7
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I've been exploring design based around some of the more advanced C++11 features lately, and some of them are turning out to be rather useful for some projects I'm working on. One is this policy-based, variadic logger class that supports any combination of policies to determine where it logs output to.

Most loggers I've seen that adopt this design pattern only accept one, and there are cases where you would want more, so this expands on that without having to instantiate several loggers each with a distinct policy.

It's also easily extensible, flexible, being able to add additional logging policies and log levels.

/*! @brief Defines level severities for logging. */
enum class LogLevel : uint32_t
{
    Info    = 0,
    Warning = 1,
    Error   = 2
};

template <class ... Policies>
class Logger
{
    typedef std::tuple<Policies...> policies_t;

private:

    policies_t _policies;

    uint32_t _numWarnings;
    uint32_t _numErrors;

    static const size_t s_MaxPrefixSize = 128;
    static const size_t s_MaxBufferSize = 1024;

public:

    Logger ()
        : _policies { std::forward<Policies>(Policies{})... }
        , _numWarnings(0)
        , _numErrors(0)
    {}

    static const size_t numPolicies = sizeof...(Policies);

    template <typename T>
    T* getPolicy ()
    {
        // Implementation of FindTypeIndex omitted for brevity.
        static const auto index = FindTypeIndex<policies_t, T>::value;
        return getPolicy<index>();
    }

    template <size_t Index>
    auto getPolicy () -> decltype(&std::get<Index>(_policies))
    {
        static_assert(Index < numPolicies, "policy index out of range");
        return &std::get<Index>(_policies);
    }

    template <LogLevel L>
    void log (const char* format, ...)
    {
        std::time_t time = std::time(nullptr);
        std::string timeString = std::ctime(&time);

        char prefixString[s_MaxPrefixSize];
        snprintf(prefixString, s_MaxPrefixSize, "[ %s ] : %s ",
                 timeString.substr(0, timeString.size() - 1).c_str(), // Strip off newline character.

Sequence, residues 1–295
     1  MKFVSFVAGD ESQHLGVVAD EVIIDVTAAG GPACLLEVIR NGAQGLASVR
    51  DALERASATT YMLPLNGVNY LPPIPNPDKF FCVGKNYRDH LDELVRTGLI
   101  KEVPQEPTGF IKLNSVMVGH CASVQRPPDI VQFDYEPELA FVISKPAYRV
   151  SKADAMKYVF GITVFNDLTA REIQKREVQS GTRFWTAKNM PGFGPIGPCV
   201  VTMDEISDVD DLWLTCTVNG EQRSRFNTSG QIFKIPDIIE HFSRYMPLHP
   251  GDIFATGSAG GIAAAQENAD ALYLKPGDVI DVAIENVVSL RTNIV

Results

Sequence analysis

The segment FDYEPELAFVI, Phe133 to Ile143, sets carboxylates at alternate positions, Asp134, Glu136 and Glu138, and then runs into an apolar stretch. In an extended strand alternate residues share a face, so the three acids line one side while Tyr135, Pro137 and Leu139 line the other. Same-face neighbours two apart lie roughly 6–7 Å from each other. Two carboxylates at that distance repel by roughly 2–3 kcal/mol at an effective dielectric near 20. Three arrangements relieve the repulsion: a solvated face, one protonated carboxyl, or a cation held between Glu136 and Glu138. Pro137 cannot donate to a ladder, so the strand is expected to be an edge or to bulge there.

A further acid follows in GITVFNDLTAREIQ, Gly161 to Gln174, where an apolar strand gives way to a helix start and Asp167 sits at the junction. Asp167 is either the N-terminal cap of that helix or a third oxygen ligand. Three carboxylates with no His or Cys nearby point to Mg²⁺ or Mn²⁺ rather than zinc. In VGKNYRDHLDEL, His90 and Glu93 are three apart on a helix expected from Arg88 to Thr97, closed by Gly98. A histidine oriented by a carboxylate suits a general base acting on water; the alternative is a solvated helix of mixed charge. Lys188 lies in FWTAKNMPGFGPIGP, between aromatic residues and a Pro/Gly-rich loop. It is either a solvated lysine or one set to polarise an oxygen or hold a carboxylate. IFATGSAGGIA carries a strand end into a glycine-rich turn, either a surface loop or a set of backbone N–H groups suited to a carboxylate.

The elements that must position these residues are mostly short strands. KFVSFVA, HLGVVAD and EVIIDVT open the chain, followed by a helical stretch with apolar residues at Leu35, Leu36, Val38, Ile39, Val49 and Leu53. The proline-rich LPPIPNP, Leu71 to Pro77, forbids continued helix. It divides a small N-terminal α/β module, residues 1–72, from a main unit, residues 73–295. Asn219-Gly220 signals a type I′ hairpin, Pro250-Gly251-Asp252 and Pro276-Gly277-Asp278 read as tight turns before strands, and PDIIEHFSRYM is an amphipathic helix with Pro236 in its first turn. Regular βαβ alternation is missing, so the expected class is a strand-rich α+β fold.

logLevelString(Int2Type<(size_t)L>()).c_str());

        va_list args;
        va_start(args, format);
        char buffer[s_MaxBufferSize];
        vsnprintf(buffer, s_MaxBufferSize, format, args);
        va_end(args);

        std::string message;
        message += prefixString;
        message += buffer;
        message += "\n";

        doPolicy<0>(_policies, message);
    }

    template <LogLevel L>
    void log (std::string msg)
    {
        log<L>(msg.c_str());
    }

    void logCounts ()
    {
        char buffer[s_MaxBufferSize];
        snprintf(buffer, s_MaxBufferSize, "\nWarnings: %d\nErrors: %d\n", _numWarnings, _numErrors);
        std::string countsString = buffer;
        doPolicy<0>(_policies, countsString);
    }

private:
    // Int2Type implementation omitted for brevity.

    std::string logLevelString (Int2Type<(size_t)LogLevel::Info>)
    {
        return std::string("< INFO >");
    }

    std::string logLevelString (Int2Type<(size_t)LogLevel::Warning>)
    {
        _numWarnings++;
        return std::string("< WARNING >");
    }

    std::string logLevelString (Int2Type<(size_t)LogLevel::Error>)
    {
        _numErrors++;
        return std::string("< ERROR >");
    }

    template <size_t I>
    typename std::enable_if<I != numPolicies>::type doPolicy (policies_t& p, const std::string& msg)